Metronome practice is one of the most effective methods for improving your playing quickly, especially for technical, high tempo pieces. Unfortunately, for many of us it can also be a tedious way to practice and as a result is often overlooked or not done properly. Use these tips to maximise your metronome practice so you can spend less time with a metronome and more playing the fun stuff.

maximise guitar practice using metronome

Go Slow To Go Fast

Learning songs at a very slow tempo is likely something that has been relentlessly drilled into you already, its especially important for metronome practice. Usually it is recommended that you should start your metronome far lower than you might think, as low as 50-60 bpm. By starting at a tempo this slow, you are forced to thoroughly understanding the rhythmic placement of each note in relation to the beat of the metronome. It is important to note that reducing the tempo much below 50-60bpm is not recommended. Slower than this makes it extremely difficult to keep time due to long pauses between each beat. 

Take Small Steps

Once you are able to play the song fluently at a very low tempo, you can start to increase it. This increase should be very small. You should only ever increase the tempo by 1-5bpm at a time. By making small changes like this, the increase in speed is barely noticeable, and you will be able to adapt to it more quickly and accurately. It may seem tempting to increase by 10-20bpm, but you will likely end up struggling to play accurately with that big of a change and have to reduce the tempo again anyway resulting in lost time, and developing bad habits/mistakes.

Be Accurate

It is extremely important while using a metronome to be as accurate as possible. Small mistakes at a slow tempo will become large mistakes at a fast tempo. To maintain accuracy you should never increase the speed until you can play a section perfectly at least 3 times in a row. You should be able to play at the current tempo relatively effortlessly before increasing the tempo.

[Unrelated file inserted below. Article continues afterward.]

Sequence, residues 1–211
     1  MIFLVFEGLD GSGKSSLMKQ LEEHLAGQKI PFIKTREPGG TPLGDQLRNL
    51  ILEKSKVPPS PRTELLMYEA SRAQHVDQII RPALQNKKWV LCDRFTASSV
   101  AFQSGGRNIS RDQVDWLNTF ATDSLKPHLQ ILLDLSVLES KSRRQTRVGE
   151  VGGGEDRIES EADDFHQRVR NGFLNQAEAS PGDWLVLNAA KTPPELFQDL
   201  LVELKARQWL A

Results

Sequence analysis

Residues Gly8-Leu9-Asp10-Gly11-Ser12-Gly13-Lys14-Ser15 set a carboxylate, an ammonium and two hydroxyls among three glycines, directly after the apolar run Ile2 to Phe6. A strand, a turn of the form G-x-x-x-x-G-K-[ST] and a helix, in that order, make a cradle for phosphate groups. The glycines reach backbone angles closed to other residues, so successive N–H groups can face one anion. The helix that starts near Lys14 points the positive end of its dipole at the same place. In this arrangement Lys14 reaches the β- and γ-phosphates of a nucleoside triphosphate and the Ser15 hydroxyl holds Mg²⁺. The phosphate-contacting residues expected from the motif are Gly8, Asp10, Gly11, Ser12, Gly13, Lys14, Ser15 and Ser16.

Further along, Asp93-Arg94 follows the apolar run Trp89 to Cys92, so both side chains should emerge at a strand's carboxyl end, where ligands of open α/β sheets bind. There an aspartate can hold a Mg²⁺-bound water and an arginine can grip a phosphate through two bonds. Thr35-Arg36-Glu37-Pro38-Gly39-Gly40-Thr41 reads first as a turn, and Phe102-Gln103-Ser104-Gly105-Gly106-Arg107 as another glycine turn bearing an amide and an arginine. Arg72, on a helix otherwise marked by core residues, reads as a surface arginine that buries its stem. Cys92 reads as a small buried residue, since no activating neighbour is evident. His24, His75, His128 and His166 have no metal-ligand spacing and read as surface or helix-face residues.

Tips For When You Get Stuck

With almost anything you learn, you will inevitably encounter a tempo that you struggle to get past. E.g you are learning a technical shred solo and can’t quite get the last 15 bpm you need. Here’s some tricks to gain that last bit of speed.

  1. Temporarily boost the speed to far beyond what your capable (e.g. full tempo of the song) and attempt to keep up with it a handful of times before reducing the speed again. When you reduce the speed back to where you started, it will feel relatively very slow and more achievable. Use this trick sparingly as using it too much will result in sloppy playing.
  2. Don’t be afraid to take a break if your struggling. Go for a quick walk, watch tv for half an hour, come back the next day. Whatever you need to do to clear your head and try again. 
  3. Try breaking the practice up into small concentrated chunks. Try spending just 10 minutes of heavy focus on the part you’re stuck on, then do something else for 20. Come back and do another 10 minutes and repeat. You will find these small blocks of intense focus will yield better results than if you tried to bash away at it for hours on end.
  4. Drop the tempo back down and check for any small mistakes. Sometimes we can get stuck at a speed because we have progressed to fast and started making mistakes.

Practice Songs You Already Know With Metronome

The metronome isn’t just for learning new songs. It’s also a fantastic tool for keeping on top of what we have already learnt, particularly for technically challenging songs. You will find that even in songs you have know for years, sitting down with a metronome and practicing it slowly for a few minutes will dramatically improve how accurately you can play it.. 

Where Do You Get A Metronome

Luckily for you, you will already have access to a metronome through either a computer or mobile phone. Google has a built in free metronome app, all you have to do is search “metronome”. For practice that requires non-standard time signatures and subdivisions, there are many great mobile apps that offer these features for free. So there’s no excuse for not using one.

So next time you sit down to practise with a metronome, try using these tips to maximise your practice time. The better you are at using a metronome, the less time you’ll have to spend using it. You’ll become a much cleaner, more accurate and faster guitarist for it.